Earlier in December, Paul Ryan made a comment after the passage of the tax bill that the birth rate in the United States must be higher in order to maintain long-term economic stability.
“We have something like a 90% increase in the retirement population in America, but only a 19% increase in the working population in America,” he stated in a press conference in Washington. He never specified over what time period the increases took place, and I couldn’t find any specific sources to back up these statistics, but it wouldn’t surprise me if this ratio was accurate. Overall, I have mixed feelings about his message. This issue is more complex than a simple plea to have more children can fix.
To examine what kind of economic impact is made in a country as a result of long-term low birth rates (low, in this context, meaning below the replacement rate of 2.1), we need to look no further than Japan. Japan has suffered from low birth rates over the past several decades and the struggle continues to increase the birth rate. Their fertility rate sits at 1.42 children per woman, far less than the 2.1 needed to keep the natural population stable. As a result, the country has lost a trillion dollars in GDP and the population has declined 1 million people just in the last five years. They have struggled to maintain pensions for an aging population while there are gradually fewer workers to provide them with those pensions. Japan currently has the third largest economy in the world, but with birth rates this low, they’re not going to hold that title for long. It’s clear that, in and of itself, a sub-2.1 birth rate is not healthy for the economy of a society in the long run, but when other factors are considered, a low birth rate is not necessarily a sign of looming economic collapse.
One of the great aspects of the United States that Japan lacks heavily in comparison is our high immigration rates. Even as it has been plummeting in recent years, the US still allows almost a million immigrants into the country every year. Not only does immigration offset low birth rates, but immigrants to the United States tend to have more children than natives. In addition, a higher proportion of immigrants to the United States have graduate degrees and a higher labor force participation rate than American born citizens. As long as competent immigrants make their way into the United States and stay here for generations, low birth rates among American-born citizens is largely inconsequential.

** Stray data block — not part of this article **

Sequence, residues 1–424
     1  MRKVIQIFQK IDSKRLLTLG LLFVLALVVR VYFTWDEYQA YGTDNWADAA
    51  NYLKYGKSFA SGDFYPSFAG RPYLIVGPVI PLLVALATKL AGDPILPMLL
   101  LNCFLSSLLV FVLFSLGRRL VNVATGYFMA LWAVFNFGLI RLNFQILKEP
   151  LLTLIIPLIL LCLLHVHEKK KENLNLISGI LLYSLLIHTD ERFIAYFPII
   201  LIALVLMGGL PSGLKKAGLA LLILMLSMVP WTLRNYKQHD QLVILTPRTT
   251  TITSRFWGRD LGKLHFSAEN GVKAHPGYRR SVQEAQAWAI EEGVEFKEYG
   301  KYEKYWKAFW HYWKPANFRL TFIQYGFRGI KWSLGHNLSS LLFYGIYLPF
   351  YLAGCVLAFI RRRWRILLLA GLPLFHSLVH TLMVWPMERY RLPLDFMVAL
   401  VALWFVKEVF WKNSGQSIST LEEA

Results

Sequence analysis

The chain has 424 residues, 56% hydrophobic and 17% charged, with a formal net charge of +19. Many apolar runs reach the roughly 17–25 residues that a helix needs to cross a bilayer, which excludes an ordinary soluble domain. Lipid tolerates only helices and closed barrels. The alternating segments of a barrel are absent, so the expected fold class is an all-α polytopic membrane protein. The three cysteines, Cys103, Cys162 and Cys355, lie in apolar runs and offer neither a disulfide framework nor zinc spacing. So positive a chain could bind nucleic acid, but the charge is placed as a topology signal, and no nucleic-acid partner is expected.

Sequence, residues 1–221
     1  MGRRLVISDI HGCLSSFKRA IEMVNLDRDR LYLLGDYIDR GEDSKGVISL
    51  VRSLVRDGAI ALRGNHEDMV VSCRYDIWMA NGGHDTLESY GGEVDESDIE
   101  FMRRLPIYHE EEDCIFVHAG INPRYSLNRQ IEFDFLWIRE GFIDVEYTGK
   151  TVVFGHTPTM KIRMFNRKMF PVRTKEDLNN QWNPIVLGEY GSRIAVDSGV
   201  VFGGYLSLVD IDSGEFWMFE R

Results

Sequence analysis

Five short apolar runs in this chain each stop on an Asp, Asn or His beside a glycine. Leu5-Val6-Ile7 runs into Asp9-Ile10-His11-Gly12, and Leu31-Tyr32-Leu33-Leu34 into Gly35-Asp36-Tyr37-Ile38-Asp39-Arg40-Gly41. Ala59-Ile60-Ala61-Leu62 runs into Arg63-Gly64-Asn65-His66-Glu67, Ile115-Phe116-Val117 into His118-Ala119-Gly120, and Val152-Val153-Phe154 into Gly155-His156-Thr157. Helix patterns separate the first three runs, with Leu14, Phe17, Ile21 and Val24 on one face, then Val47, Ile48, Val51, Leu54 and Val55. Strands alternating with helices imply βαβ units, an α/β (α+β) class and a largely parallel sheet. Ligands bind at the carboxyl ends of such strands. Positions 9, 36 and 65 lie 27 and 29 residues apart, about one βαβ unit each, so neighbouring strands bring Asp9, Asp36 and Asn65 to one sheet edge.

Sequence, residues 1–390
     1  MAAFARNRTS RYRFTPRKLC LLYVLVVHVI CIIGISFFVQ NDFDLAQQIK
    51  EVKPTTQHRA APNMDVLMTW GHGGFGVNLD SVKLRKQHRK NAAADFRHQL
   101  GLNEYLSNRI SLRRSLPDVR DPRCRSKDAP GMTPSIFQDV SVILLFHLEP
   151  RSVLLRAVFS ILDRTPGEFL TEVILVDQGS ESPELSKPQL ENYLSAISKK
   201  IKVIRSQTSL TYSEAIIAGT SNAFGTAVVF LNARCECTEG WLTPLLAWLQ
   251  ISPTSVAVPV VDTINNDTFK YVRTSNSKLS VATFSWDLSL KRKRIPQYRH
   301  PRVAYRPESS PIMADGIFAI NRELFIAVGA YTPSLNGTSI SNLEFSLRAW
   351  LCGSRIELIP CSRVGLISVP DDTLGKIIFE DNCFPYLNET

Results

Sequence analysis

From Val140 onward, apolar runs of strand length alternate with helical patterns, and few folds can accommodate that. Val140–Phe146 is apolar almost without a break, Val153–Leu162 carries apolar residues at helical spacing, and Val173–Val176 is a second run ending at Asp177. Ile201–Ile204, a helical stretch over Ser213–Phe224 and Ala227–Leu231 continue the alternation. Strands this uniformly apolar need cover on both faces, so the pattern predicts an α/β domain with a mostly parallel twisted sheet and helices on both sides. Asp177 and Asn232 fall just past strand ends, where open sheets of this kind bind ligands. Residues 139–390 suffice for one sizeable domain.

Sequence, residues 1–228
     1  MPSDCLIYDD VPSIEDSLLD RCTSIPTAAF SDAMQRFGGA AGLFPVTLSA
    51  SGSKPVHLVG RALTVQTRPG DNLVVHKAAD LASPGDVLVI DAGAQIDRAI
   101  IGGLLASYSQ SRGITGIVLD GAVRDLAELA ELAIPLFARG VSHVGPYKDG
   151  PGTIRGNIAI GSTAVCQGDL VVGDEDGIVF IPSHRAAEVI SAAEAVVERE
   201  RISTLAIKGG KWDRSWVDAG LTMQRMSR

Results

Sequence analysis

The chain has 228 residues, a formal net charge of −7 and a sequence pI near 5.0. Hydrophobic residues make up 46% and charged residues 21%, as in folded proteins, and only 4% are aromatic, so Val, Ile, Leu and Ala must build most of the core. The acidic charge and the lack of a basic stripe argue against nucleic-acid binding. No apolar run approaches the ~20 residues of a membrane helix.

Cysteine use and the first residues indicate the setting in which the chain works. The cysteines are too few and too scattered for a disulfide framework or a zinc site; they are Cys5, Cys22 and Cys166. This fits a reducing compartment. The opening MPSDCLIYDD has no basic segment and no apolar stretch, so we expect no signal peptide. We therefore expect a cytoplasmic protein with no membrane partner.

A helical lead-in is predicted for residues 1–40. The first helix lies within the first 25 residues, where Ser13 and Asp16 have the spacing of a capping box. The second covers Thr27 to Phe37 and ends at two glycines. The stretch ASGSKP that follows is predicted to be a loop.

The vast majority of the root causes of low birth rates are almost exclusively social and cultural. Even of the economic reasons for low birth rates, I don’t believe they contribute anything substantial to the cause. Real median household income in the United States topped $59,000 in 2016, according to the Federal Reserve of St. Louis, which is higher than any other year since record-keeping began in 1984. The primary causes of low birth rates are rooted in cultural changes, especially the feminist movement, that have made it acceptable to delay or forego parenthood.
Japan suffers from low birth rates and now their economy is up in question. Perhaps the sole reason the United States has not gone down a similar fate is due to immigration. After all, the United States has held its position as the most powerful nation in the world primarily because we are a nation of immigrants, and as long as we can incentivize hard-working, productive immigrants to bring their families and work ethic to the United States, I don’t believe we need to increase the birth rate to avoid economic disaster.